Leopard is finally here. These are my first impressions.
I spent this morning installing Leopard on my MacBook Pro and thought I'd give you my early impressions. There's lots of coverage going on all over the web so I'm not going into a feature by feature detail by more of a high-level overview.
Leopard is the fifth major release of OS X, and while it doesn't introduce any radically new consumer features, it does add true polish on what is already a great operating system. And because there isn't much that's actually missing in Tiger (10.4) some users will spend time considering whether Leopard is worth the $158 upgrade.
But, after having installed it this morning, I can tell you it is. Firstly, installing a brand new clean operating system always makes you feel like you've got a new computer, and what better opportunity than to do it with a brand new OS. Installation proceeded smoothly for me - I chose to do a clean installation and selected 'preserve users and settings'. The result is a fresh new system folder with all your user information, and settings intact. The interface feels at least as good as Tiger, if not better.
When the new system boots, the first changes you'll notice are the 3D dock and the semi-translucent menu-bar. When you open a Finder window you'll notice the icons are different, the side bar has been organised like iTunes and there is a new view called Cover Flow that lets you browse your icons visually. There's also a new button in the Finder window toolbar called Quick View that lets you easily preview most kinds of documents you've got on your computer. If for example, you work with lots of images Quick View and Cover Flow will almost be worth the upgrade price themselves.
|New Finder Window - very clean and well organised
Next, when you look in the System Preferences you'll notice a new feature called Spaces. Spaces lets you create and use different work areas. So, for example you might have your browser and email in one work space, and Word in another. Spaces takes time to master but prolonged use will result in a better, and more efficient work flow with less window clutter.
|Spaces means less Windows clutter
You'll also bump in to Time Machine, probably the most hyped, but useful feature in Leopard. It's backup for dummies and really is simple to use. Time Machine pops up when it recognises an external drive and asks if you want to set it up for Backup. This automated step alone will no doubt benefit mums and dads who are just to scared to configure backup by themselves. Time Machine keeps hourly backups for the last 24 hours, daily backups for the past month, and weekly backups until your disk gets full. And, no, the disk you backup to doesn't need to be dedicated to Time Machine alone - you can store other stuff on there. There's also a neat option to exclude files or folders from backup. It's simple and powerful, and works whenever the backup drive is connected.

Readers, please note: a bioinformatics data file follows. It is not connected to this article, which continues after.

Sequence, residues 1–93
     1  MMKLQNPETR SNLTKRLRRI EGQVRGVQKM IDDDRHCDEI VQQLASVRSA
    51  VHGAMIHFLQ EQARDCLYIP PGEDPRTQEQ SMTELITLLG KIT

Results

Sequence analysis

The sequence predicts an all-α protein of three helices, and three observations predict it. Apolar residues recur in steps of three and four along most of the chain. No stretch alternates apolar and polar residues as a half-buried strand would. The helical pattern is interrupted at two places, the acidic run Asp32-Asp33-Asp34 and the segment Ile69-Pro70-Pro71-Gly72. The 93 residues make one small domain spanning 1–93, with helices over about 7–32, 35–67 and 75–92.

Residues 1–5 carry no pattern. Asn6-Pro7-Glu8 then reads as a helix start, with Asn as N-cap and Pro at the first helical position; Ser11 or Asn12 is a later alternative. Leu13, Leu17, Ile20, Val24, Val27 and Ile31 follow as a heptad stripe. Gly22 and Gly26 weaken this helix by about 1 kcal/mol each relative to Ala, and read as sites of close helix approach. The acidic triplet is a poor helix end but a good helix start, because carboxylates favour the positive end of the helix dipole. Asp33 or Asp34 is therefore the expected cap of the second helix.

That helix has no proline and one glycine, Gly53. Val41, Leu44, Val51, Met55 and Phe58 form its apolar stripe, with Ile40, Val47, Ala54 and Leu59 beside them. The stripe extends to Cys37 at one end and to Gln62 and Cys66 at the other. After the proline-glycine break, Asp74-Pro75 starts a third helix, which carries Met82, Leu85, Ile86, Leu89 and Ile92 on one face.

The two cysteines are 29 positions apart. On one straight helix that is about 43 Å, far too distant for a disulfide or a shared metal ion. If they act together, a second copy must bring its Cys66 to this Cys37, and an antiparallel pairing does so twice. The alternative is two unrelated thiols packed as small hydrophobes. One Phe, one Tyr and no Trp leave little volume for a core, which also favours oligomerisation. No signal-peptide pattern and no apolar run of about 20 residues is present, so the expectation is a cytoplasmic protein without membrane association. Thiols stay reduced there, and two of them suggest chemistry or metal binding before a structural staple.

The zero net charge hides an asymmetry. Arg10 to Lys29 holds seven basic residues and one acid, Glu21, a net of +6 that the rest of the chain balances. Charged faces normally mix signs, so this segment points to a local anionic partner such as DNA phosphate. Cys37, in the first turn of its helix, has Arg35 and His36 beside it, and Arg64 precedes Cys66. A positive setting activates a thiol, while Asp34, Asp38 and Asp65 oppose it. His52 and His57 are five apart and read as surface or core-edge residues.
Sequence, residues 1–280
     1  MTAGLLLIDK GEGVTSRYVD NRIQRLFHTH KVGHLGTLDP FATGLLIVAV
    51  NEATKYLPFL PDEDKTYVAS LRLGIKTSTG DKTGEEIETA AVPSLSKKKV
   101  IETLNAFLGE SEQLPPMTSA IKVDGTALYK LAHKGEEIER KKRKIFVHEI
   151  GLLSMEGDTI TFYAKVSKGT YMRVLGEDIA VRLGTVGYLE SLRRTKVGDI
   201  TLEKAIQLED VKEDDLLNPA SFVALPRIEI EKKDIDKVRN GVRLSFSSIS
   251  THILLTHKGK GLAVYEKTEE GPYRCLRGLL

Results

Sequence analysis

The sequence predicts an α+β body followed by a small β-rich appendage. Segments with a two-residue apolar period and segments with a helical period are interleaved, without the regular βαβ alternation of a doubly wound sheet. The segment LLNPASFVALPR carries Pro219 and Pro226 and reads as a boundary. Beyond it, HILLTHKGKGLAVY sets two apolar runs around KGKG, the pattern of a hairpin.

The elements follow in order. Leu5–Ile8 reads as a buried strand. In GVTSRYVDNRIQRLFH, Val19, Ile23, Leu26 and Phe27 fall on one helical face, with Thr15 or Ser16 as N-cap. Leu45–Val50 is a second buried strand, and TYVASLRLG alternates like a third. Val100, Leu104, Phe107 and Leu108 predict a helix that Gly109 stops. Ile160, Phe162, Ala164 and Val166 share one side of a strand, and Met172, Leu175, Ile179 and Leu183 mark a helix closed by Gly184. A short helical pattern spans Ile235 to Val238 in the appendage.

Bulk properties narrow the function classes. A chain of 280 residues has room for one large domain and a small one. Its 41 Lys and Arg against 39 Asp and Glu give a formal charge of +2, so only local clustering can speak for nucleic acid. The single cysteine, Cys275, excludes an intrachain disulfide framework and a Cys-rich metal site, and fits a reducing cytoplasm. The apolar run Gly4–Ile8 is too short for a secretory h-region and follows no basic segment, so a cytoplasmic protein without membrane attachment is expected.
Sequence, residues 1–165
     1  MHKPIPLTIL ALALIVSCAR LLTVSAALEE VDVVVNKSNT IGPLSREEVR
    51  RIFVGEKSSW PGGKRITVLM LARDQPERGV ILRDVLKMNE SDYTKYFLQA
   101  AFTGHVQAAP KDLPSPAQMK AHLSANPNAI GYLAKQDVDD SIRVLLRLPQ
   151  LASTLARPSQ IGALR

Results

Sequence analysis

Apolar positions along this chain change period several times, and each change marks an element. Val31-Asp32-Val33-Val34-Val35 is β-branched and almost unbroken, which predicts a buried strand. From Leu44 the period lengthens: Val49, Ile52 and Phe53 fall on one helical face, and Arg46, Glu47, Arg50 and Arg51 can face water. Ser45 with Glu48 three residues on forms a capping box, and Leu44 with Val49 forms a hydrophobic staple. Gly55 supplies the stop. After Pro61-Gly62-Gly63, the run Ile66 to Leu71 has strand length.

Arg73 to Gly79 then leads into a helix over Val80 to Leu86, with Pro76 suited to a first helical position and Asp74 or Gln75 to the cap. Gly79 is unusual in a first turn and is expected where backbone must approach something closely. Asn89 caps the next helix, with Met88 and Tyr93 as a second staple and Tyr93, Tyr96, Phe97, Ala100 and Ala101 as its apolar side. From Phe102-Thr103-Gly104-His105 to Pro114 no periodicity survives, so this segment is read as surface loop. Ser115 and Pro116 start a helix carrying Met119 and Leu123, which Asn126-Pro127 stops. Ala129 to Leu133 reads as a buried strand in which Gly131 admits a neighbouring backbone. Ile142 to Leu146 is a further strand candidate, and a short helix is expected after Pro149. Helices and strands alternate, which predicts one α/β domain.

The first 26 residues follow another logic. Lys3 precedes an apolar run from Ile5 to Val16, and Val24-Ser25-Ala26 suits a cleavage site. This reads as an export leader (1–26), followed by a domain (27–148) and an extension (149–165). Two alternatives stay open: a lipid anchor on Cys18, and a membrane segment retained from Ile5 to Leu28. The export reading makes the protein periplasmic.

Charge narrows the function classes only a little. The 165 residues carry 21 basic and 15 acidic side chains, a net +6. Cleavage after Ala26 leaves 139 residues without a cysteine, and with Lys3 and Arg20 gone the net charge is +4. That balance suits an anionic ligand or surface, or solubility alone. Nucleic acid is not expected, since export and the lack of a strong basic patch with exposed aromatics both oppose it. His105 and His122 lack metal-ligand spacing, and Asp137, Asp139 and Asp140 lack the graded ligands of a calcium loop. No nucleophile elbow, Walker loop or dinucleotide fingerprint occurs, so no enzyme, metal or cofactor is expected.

Of course, it's more useful to desktop Mac users than MacBook/Pro users, because they don't have to remember to plug in an external drive to back up. In that sense alone, Microsoft's technology built tinto Vista, "Volume Shadow Copy ", which continually backs up to the same disk, is superior -- but it's a pity no-one knows about it or how to use it.
|Time Machine - Simple to configure, simple to use
So far, the $158 has got you a better, more useful Finder, Spaces and automated backup. In my book that's pretty good, and certainly worth money. But if that's not enough for you then have a look at Mail. It's always been a very good mail client (much better than Microsoft Outlook Express, for example, with its inbuilt instant search and streamlined interface) but it's now a whole lot better.
With support for Notes and To-Dos built in it's now your one-stop shop for organising your life. It's also got RSS built-in so you can read your subscriptions. But for a bit of fun there's also stationary. This isn't the kind of crappy stuff built-in to Outlook but full featured HTML compliant templates that let you dress up your email. I know, not for the power users but pretty cool for everybody else.
|The new Mail - Now with Notes, To-Do's, RSS and Stationary
Well, that's it for now. It's been a successful morning, and I'll be sure to let you know what else I find over the weekend. If you've got anything you're particularly interested in please let me know and I'll try and help out.